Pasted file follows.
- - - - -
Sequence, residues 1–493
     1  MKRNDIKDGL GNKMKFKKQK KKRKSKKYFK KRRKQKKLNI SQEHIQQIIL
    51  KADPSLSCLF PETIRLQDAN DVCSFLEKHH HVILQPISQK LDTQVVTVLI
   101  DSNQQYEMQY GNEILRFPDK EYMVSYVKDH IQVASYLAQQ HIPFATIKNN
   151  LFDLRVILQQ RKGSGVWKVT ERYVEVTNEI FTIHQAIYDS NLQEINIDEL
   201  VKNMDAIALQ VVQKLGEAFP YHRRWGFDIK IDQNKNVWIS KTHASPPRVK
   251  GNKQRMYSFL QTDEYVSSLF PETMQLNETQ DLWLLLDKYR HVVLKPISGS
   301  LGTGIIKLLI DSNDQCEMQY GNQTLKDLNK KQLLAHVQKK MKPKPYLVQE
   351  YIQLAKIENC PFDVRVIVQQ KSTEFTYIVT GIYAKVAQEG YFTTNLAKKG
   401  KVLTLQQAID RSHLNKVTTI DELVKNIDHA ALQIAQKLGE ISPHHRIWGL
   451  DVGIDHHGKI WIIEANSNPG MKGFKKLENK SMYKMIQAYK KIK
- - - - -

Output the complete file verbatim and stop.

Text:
Sequence, residues 1–493
     1  MKRNDIKDGL GNKMKFKKQK KKRKSKKYFK KRRKQKKLNI SQEHIQQIIL
    51  KADPSLSCLF PETIRLQDAN DVCSFLEKHH HVILQPISQK LDTQVVTVLI
   101  DSNQQYEMQY GNEILRFPDK EYMVSYVKDH IQVASYLAQQ HIPFATIKNN
   151  LFDLRVILQQ RKGSGVWKVT ERYVEVTNEI FTIHQAIYDS NLQEINIDEL
   201  VKNMDAIALQ VVQKLGEAFP YHRRWGFDIK IDQNKNVWIS KTHASPPRVK
   251  GNKQRMYSFL QTDEYVSSLF PETMQLNETQ DLWLLLDKYR HVVLKPISGS
   301  LGTGIIKLLI DSNDQCEMQY GNQTLKDLNK KQLLAHVQKK MKPKPYLVQE
   351  YIQLAKIENC PFDVRVIVQQ KSTEFTYIVT GIYAKVAQEG YFTTNLAKKG
   401  KVLTLQQAID RSHLNKVTTI DELVKNIDHA ALQIAQKLGE ISPHHRIWGL
   451  DVGIDHHGKI WIIEANSNPG MKGFKKLENK SMYKMIQAYK KIK